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Odell v. Azar

United States District Court, D. Nevada

September 6, 2019

ROBERT H. ODELL, JR., et al, Plaintiffs,



         Before the Court is Plaintiff's Motion for Re-Hearing (ECF No. 126) and Defendants' Motion to File Corrected Opposition (ECF No. 135). For the reasons below, the Court denies Plaintiffs' Motion for Re-Hearing and grants Defendants' Motion to File Corrected Opposition.

         I. BACKGROUND

         Plaintiffs filed the Complaint on September 18, 2015. ECF No. 1. At a hearing on August 4, 2016, the Court gave Plaintiffs leave to file an amended complaint. ECF No. 53. Plaintiffs filed the operative Amended Complaint on September 9, 2016. ECF No. 57.

         On February 16, 2018, Plaintiffs filed a Motion for Preliminary Injunction. ECF No. 104. Defendants responded and Plaintiffs replied. ECF Nos. 106, 107. After holding a hearing on July 17, 2018, the Court granted the Motion for Preliminary Injunction in a September 26, 2018 order. ECF No. 112. The Court permitted the parties to submit proposed orders regarding the appropriate scope of injunctive relief. ECF No. 112. Each party filed a proposed order. ECF Nos. 114, 116. Each party then filed an additional memorandum responding to the other party's proposal. ECF Nos. 118, 119. The Court held a hearing on October 26, 2018 and ordered the parties to submit a joint proposed final order. ECF No. 120. The parties submitted a proposed order with additional briefing regarding contested terms. ECF Nos. 121, 122, 123. The Court then issued the scope of its relief on December 17, 2018. ECF No. 125.

         On January 8, 2019, Plaintiffs filed the instant Motion for Re-Hearing. ECF No. 126. Defendants responded on February 26, 2019 and filed the instant Motion to File Corrected Opposition on February 27, 2019. ECF Nos. 134, 135. Plaintiffs replied on March 1, 2019. ECF No. 136.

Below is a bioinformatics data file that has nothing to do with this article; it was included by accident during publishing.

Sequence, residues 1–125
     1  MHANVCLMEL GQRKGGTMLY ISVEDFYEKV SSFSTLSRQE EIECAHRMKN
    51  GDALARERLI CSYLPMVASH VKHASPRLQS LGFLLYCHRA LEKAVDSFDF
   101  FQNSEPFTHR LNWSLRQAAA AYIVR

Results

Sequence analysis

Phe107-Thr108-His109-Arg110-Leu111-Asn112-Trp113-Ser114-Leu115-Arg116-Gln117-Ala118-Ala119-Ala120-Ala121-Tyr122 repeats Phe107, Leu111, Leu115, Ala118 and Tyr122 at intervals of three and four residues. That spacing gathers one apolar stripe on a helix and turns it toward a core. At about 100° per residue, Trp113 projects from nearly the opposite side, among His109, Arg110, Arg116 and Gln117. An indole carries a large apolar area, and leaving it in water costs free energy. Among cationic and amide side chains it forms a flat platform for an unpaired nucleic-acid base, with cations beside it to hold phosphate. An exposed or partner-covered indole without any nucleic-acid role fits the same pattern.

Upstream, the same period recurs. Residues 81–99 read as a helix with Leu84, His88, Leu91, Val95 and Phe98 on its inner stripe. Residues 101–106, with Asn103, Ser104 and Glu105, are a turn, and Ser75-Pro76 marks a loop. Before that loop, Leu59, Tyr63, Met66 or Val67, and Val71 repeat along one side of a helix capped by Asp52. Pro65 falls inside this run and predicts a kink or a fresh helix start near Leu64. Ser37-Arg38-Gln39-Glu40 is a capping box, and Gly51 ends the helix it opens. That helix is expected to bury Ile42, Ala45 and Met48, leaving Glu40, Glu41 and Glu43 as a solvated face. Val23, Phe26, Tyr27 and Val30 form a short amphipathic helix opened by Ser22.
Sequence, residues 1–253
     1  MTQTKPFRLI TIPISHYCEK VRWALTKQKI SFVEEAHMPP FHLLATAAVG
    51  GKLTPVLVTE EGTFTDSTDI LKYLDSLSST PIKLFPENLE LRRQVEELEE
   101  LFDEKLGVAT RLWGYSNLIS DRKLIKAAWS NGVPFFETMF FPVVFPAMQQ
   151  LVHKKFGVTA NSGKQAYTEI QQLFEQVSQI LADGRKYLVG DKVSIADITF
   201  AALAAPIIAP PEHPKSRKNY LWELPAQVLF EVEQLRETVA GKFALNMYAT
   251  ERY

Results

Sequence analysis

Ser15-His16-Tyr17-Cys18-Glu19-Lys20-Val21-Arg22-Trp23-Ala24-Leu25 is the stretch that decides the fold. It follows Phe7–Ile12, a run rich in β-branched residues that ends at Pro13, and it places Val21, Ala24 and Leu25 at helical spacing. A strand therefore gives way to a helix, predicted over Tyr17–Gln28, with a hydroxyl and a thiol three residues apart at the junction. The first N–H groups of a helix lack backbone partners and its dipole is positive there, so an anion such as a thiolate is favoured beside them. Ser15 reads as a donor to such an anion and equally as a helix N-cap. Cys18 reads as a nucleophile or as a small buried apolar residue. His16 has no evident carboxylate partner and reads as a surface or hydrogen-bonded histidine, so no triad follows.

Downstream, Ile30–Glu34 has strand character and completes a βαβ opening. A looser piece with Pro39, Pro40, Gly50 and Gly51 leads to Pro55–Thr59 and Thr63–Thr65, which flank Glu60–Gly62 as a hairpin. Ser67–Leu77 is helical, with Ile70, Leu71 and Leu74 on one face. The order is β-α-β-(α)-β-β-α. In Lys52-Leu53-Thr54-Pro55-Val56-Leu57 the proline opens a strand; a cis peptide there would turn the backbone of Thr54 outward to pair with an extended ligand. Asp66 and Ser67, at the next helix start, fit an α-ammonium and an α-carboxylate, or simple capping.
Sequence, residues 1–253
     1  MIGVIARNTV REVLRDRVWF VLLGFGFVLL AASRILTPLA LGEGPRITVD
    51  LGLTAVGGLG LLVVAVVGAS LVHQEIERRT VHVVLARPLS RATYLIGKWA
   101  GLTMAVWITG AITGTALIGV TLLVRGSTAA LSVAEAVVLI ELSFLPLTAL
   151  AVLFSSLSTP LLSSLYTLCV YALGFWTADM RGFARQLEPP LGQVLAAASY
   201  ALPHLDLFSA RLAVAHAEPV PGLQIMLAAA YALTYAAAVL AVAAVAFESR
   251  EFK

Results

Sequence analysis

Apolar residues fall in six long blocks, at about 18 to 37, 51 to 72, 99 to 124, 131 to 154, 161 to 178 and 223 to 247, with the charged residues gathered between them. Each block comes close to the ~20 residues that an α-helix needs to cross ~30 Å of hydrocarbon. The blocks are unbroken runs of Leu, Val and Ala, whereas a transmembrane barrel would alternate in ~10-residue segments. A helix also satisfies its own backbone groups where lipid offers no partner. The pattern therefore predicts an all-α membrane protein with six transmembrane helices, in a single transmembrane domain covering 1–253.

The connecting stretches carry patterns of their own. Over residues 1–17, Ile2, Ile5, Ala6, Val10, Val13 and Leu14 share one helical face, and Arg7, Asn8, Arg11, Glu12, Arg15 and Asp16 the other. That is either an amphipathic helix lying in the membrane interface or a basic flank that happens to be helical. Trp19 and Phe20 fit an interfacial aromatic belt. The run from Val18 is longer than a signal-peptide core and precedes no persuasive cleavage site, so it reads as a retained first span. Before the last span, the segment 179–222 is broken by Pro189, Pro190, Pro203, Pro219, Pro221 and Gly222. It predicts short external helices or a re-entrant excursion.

The Court construes Plaintiffs' motion for re-hearing as a motion to reconsider. “As long as a district court has jurisdiction over the case, then it possesses the inherent procedural power to reconsider, rescind, or modify an interlocutory order for cause seen by it to be sufficient.” City of Los Angeles, Harbor Div. v. Santa Monica Baykeeper, 254 F.3d 882, 885 (9th Cir. 2001) (citation omitted) (internal quotation marks omitted). “Whether or not to grant reconsideration is committed to the sound discretion of the court.” Navajo Nation v. Confederated Tribes and Bands of the Yakama Indian Nation, 331 F.3d 1041, 1046 (9th Cir. 2003). However, “a motion for reconsideration should not be granted, absent highly unusual circumstances, unless the district court is presented with newly discovered evidence, committed clear error, or if there is an intervening change in the controlling law.” Marlyn Nutraceuticals, Inc. v. Mucos Pharma GmbH & Co., 571 F.3d 873, 880 (9th Cir. 2009) (internal quotation and citation omitted). A motion for reconsideration “may not be used to raise arguments or present evidence for the first time when they could reasonably have been raised earlier in the litigation.” Id. (internal quotation and citation omitted). Moreover, “[m]otions for reconsideration are disfavored. A movant must not repeat arguments already presented unless (and only to the extent) necessary to explain controlling, intervening law or to argue new facts. A movant who repeats arguments will be subject to appropriate sanctions.” LR 59-1.


         As an initial matter, the Court grants Defendants leave to file their revised opposition. Defendants filed the revised response only one day after the previously filed response, and Plaintiffs do not oppose the filing. The revised opposition does not prejudice Plaintiffs and contains only minor revisions.

         In their motion to reconsider, Plaintiffs argue that the Court's preliminary injunction order places Plaintiffs in a status of constant audit by Defendants. They argue that the Court's imposition of LCD 355456 upon Plaintiffs is contrary to the Social Security Act and contrary to the relief Plaintiffs requested from this Court. Plaintiffs request that the Court revise its December 17, 2018 Order by removing paragraphs 3, 4, and 5.

         Defendants respond that Plaintiffs provide no newly discovered evidence, intervening law, or other unusual circumstances meriting reconsideration. The Court agrees. Plaintiffs' arguments are no different than the arguments Plaintiffs proffered in advance of the Court's determination. In determining the nature and scope of its injunction, the Court weighed the Plaintiffs' motion at ECF No. 04, reply at ECF No. 107, proposed order at ECF No. 114, memorandum at ECF No. 119, and memorandum at ECF No. 123, in addition to Plaintiffs' oral argument at hearings held on July 17, 2018 and October 26, 2018. The Court has fully considered Plaintiffs' arguments. Plaintiffs do not proffer, and the Court does not find, any circumstances meriting reconsideration.


         IT IS HEREBY ORDERED that Plaintiffs Motion for Re-Hearing (ECF No. 126) is DENIED and that Defendants' Motion to File ...

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